Deferred ITCs – no requirement to net against credit and debit notes
Quinco Financial Inc (Formerly Landex Investments) v The Queen, 2013 TCC 20
There were two issues at trial:
- whether the appellant was entitled to claim residual Input Tax Credits (“ITCs”) pursuant to subsection 169(1) of the Excise Tax Act (the “Act”) and whether paragraph 232(3)(c) of the Act applied to the residual ITCs.
- whether the Minister of National Revenue (the “Minister”) reassessed the appellant within the statutory time limit pursuant to subparagraph 298(1)(a)(i) of the Act.
The Court held that the amount of the ITCs crystallized at the time the invoice was issued y the supplier and absent the application of section 232, there is no requirement that the amount of the ITCs be adjusted to reflect credit and debit notes. Also, the time for the MNR to reassess does not being until the period where the deferred ITCs are claimed.
There was an agreed statement of facts. The Company, through its various iterations, was registered for GST and had a monthly reporting period with a year end of February. In the relevant returns, the company reported tax collected, claimed ITAs, and reported net tax.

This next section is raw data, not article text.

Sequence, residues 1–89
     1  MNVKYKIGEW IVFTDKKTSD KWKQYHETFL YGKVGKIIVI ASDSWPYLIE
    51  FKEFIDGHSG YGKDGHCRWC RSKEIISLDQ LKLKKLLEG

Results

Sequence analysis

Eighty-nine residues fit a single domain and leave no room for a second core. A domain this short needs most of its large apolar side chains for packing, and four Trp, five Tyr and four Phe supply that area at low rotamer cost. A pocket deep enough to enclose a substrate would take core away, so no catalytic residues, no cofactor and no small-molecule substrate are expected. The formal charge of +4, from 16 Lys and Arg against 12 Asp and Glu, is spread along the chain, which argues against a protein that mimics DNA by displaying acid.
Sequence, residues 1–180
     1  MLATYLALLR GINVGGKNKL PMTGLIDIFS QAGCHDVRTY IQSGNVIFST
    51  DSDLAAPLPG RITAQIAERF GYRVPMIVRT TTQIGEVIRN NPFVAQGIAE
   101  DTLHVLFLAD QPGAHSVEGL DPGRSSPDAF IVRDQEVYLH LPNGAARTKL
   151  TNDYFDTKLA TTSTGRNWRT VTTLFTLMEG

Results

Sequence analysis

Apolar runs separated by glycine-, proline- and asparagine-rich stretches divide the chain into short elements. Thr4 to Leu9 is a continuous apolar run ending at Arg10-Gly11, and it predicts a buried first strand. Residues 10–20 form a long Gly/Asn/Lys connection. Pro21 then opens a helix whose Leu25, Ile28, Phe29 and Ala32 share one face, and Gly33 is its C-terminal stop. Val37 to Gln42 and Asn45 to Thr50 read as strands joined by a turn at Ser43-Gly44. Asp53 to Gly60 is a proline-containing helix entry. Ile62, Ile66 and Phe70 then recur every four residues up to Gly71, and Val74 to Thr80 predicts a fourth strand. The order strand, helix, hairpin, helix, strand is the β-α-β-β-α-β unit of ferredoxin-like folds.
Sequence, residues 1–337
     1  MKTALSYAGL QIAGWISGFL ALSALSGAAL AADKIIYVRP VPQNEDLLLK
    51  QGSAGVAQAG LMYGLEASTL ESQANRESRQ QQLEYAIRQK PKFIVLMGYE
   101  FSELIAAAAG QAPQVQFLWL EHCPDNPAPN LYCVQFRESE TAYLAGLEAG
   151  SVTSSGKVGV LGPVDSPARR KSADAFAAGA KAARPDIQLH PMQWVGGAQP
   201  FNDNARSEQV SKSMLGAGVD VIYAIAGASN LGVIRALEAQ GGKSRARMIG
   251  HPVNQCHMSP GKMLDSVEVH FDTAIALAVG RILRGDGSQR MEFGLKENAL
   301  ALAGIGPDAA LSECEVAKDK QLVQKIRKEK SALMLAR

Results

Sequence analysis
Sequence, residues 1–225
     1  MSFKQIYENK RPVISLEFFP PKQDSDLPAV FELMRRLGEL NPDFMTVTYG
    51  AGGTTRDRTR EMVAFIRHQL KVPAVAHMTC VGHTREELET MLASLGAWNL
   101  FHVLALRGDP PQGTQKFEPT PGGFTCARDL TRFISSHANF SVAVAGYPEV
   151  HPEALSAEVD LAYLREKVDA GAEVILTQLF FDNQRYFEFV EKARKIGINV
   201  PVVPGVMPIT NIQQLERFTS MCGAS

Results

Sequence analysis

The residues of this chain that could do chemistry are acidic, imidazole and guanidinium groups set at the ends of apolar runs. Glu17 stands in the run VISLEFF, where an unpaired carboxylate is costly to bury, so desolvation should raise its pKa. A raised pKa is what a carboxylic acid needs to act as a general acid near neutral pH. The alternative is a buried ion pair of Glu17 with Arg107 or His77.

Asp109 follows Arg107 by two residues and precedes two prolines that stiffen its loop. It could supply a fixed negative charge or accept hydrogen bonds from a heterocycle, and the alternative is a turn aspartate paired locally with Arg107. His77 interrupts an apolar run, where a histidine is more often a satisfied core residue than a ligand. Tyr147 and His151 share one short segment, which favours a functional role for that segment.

In its monthly reporting periods ending November 30, 2000, December 31, 2000, February 28, 2001, between October 1, 2001 and February 28, 2002 and between August 1, 2002 and December 31, 2002. During each deferral period, the company received credit notes from or issued debit notes to various suppliers, each specifying a GST allocatable amount.
In each of the GST returns filed for march 2001, march 2002, and July 2003, the company claimed previously unclaimed ITCs for GST paid for supplied during the deferral period.
The taxpayer claimed ITCs claims on property and services acquired in the course of its commercial activity for tax planning purposes, but later claimed the deferred amount sin its GST returns. It first claimed “netted GST”, being the Gross ITC amount less the GST on credit and debit notes. In issuing and receiving notes, the taxpayer didn’t adjust its net tax pursuant to paragraph 232(3)(c), which it ought to have done. Upon review by KPMG the taxpayer was told that it could claim ITCs in the gross amount for the referral periods, and there was no need to net the amounts during the deferral periods – which the taxpayer then did.